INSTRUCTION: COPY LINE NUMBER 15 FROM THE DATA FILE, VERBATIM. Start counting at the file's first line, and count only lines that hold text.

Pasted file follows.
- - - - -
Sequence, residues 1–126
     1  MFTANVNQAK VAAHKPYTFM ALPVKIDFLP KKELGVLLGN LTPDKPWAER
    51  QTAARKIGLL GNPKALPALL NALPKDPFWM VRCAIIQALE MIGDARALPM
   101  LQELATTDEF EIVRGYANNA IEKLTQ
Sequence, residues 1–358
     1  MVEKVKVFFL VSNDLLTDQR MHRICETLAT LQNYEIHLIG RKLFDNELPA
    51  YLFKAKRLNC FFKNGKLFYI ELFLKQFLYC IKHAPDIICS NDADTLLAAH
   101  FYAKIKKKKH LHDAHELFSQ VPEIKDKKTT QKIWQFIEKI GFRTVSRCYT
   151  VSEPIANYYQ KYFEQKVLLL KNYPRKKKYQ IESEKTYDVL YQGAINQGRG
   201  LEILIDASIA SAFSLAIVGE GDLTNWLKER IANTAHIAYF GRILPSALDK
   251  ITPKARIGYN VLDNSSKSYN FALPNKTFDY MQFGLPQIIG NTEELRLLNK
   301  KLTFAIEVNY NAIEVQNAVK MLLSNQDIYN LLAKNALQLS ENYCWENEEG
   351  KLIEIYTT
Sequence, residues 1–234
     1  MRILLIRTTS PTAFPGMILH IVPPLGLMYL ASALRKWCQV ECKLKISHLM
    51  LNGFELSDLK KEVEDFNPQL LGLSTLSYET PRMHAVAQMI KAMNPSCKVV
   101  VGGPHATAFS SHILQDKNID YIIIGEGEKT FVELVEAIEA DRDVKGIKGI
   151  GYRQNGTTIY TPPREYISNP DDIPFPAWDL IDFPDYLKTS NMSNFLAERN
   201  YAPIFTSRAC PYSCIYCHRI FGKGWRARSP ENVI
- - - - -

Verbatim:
     1  MRILLIRTTS PTAFPGMILH IVPPLGLMYL ASALRKWCQV ECKLKISHLM